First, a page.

Simply put, scientists with funding are loathe to discard research programs, regardless of whether they are breaking new ground – that is the human condition. And grant-making organizations and corporate funders similarly prefer the familiar over the unknown. This has the effect of pushing away new, possibly better ideas, even in the face of inconsistent data.
So until an overwhelming amount of these data points accumulate that cannot be reconciled with the existing paradigm, the science establishment resists change. Then once the tipping point is reached, we come to Kuhn’s paradigm shift where continuing the status quo becomes unacceptable and change is unavoidable.
Now we can add Cancer R&D models to the long list of Kuhn’s illustrations where a science revolution is long overdue and blocked by over-commitment to the status quo.
Given the vast financial resources needed to bring new cancer drugs to market, the substantial time required to move from in vitro to in vivo research and through the regulatory process, and the professional stake of countless scientists and institutions to the status quo, the area of cancer research may be the least open to science revolution.
This is a research environment that rewards predictable R&D over truly ground-breaking research models, and where over $100 billion dollars is spent on research yielding few new effective therapies or cures:
“Jim Watson, the Nobel-winning discoverer of DNA’s double-helix structure, caused a minor sensation recently by arguing that curing most metastatic cancers — cancers that spread in the body — remains more daunting than ever, while researchers pursue scientific dead ends. Lamenting a “conservative” research establishment that he suggested is reluctant to take scientific risks, he urged scientists to follow new, unexplored, yet more promising directions.”
Given recent high profile failures of late-stage cancer programs, even cancer research fast may be reaching the point where it is no longer possible to ignore the need for truly novel approaches.
Are you ready for the coming revolution in cancer R&D?
About the author:
President of Finston Consulting LLC since 2005, Susan works with innovative biotechnology and other clients ranging from start-up to Fortune-100, providing support for legal, transactional, policy and “doing business” issues. Susan has extensive background and special expertise relating to intellectual property and knowledge-economy issues in advanced developing countries including India and South Asia, Latin America and the Middle East North Africa (MENA) region. She also works with governments, s and NGOs on capacity building and related educational programs through BayhDole25. Together with biotechnology pioneer Ananda Chakrabarty, she also is co-founder of Amrita Therapeutics Ltd., an emerging biopharmaceutical company based in India with cancer peptide drugs entering in vivo research. Previous experience includes 11 years in the U.S Foreign Service with overseas tours in London, Tel Aviv, and Manila and at the Department of State in Washington DC. For more information on latest presentations and publications please visit finstonconsulting.com.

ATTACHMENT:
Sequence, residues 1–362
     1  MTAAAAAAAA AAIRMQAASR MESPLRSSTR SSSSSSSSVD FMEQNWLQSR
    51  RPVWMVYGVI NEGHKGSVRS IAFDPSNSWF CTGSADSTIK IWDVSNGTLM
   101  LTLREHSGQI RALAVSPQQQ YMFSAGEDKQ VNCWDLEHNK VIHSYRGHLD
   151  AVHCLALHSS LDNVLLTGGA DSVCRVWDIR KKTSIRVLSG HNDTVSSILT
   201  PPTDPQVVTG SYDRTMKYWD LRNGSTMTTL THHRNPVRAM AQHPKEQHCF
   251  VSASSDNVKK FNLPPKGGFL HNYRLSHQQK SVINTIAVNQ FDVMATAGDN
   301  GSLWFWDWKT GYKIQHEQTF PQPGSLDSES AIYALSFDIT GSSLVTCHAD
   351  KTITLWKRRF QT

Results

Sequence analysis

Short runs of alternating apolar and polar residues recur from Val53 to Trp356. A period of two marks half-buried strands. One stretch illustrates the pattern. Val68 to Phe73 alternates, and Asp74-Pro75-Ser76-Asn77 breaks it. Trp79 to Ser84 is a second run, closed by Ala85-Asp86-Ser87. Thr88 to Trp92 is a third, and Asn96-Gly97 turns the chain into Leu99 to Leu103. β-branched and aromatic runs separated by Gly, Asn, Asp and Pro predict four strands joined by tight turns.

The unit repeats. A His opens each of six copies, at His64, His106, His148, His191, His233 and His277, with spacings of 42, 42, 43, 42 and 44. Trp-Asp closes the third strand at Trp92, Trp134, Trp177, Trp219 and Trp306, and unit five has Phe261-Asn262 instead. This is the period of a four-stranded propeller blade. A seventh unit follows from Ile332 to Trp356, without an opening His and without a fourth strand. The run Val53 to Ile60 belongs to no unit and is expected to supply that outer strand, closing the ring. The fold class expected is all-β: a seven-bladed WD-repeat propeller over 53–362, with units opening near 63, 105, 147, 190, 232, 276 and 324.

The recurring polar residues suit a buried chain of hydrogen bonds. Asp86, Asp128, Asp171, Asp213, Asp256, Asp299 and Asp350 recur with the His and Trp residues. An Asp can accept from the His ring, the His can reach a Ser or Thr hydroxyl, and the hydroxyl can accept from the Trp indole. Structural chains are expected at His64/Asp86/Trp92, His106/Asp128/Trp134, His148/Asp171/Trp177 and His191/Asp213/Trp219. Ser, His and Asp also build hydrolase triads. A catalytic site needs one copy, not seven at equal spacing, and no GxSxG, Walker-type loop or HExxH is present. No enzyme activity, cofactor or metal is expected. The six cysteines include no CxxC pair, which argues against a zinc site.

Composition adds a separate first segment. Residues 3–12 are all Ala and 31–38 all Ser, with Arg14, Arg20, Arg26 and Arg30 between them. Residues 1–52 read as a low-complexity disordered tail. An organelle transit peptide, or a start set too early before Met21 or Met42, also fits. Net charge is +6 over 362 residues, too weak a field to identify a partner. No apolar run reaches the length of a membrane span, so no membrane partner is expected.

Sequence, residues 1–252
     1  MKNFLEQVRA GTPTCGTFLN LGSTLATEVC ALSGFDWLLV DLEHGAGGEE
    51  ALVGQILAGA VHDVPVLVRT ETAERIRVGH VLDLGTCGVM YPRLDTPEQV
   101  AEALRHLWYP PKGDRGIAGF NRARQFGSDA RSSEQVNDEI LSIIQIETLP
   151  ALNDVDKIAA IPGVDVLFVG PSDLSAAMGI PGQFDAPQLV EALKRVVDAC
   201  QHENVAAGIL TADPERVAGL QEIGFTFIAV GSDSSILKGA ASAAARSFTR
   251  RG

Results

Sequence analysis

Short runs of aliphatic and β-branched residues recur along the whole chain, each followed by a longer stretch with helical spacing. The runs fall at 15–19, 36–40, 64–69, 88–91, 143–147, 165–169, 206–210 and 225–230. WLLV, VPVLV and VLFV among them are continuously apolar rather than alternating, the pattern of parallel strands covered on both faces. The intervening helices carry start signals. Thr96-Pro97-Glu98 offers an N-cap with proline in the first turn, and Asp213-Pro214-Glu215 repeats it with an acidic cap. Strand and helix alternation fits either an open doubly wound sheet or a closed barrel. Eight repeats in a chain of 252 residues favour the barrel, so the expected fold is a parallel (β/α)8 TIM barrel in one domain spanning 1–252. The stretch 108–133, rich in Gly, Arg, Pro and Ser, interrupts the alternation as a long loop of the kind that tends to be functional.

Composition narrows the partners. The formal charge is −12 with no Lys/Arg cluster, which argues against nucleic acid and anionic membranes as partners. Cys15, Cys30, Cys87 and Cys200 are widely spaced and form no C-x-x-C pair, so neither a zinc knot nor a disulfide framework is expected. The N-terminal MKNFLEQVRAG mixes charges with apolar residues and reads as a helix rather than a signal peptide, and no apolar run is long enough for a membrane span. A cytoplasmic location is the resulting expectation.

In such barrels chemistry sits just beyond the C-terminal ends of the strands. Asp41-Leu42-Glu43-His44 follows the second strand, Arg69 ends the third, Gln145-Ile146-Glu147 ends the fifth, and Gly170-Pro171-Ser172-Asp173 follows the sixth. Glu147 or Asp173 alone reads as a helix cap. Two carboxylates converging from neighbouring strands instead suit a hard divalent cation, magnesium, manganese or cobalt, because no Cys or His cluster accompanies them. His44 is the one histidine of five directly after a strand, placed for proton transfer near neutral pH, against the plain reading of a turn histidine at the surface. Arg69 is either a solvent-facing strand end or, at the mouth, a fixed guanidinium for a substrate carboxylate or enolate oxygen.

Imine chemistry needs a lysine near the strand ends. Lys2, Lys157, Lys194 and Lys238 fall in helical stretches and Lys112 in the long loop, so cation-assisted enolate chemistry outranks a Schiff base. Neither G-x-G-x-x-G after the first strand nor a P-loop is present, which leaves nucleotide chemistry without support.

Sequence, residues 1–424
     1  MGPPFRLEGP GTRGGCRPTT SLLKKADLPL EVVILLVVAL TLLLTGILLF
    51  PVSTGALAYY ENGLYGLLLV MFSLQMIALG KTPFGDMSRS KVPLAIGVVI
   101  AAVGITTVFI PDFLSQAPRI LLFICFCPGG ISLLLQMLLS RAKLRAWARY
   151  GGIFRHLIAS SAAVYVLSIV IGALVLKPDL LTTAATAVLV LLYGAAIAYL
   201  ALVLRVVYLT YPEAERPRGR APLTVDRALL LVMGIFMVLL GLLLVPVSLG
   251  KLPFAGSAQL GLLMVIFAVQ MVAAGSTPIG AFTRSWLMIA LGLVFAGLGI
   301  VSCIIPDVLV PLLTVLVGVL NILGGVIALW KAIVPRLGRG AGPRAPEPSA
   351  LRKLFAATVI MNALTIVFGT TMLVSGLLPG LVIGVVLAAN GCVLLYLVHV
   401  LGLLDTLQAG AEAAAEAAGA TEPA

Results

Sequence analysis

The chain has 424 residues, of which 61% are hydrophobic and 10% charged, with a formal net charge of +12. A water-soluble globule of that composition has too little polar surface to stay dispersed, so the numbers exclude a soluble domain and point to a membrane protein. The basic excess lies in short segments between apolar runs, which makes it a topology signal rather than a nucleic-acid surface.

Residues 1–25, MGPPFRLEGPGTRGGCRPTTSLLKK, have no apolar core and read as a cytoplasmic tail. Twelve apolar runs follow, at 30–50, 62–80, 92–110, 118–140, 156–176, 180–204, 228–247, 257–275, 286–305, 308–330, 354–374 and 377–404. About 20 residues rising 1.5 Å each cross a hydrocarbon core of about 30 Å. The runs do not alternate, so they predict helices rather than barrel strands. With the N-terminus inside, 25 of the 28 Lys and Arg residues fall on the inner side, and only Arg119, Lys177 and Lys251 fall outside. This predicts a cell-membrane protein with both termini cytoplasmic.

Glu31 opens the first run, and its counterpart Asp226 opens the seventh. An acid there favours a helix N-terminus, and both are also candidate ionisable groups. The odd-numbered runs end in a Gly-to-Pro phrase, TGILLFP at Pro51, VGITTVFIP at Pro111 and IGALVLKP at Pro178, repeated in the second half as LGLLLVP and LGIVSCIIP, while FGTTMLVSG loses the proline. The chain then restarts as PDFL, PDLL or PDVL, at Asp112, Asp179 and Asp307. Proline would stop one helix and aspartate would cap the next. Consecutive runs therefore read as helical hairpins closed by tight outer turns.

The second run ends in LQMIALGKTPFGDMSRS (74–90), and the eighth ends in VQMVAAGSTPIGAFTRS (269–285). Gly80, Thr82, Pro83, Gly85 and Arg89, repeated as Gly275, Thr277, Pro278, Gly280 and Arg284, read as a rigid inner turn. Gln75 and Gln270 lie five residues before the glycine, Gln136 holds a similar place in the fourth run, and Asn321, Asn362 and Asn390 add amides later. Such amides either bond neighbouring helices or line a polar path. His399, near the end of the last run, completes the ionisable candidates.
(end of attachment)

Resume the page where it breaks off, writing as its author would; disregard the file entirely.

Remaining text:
This guest post is from the BiotechBlog Intern, Fintan Burke. Fintan is a student at the School of Biotechnology at Dublin City University. Do you have a response to Fintan’s post? Respond in the comments section below.
This month sees the introduction of the UK’s Open Access policy as recommended by the government-commissioned Finch Report into Open Access (OA) and initiated by Research Councils UK (RCUK). Under this new policy, any published scientific paper in the UK must be made OA immediately if it qualifies for Gold OA (an upfront payment to the publisher to allow access by anyone), or be made Green OA (have the article stored in some repository after being published in the journal) after 6-24 months embargo period. In order to pay for those Article Processing Costs (APCs) charged by journals, the RCUK is giving research institutions the cost of APCs as a subsidy as part of research grants to ensure that OA is achieved.
The original policy announced by Research Councils UK (RCUK) was drafted in March 2012, fuelled by the Minister for Science’s positive reaction to the Finch report into Open Access recommendations. Since this initial policy was announced, however, significant changes have been made to the policy which has attracted a variety of responses: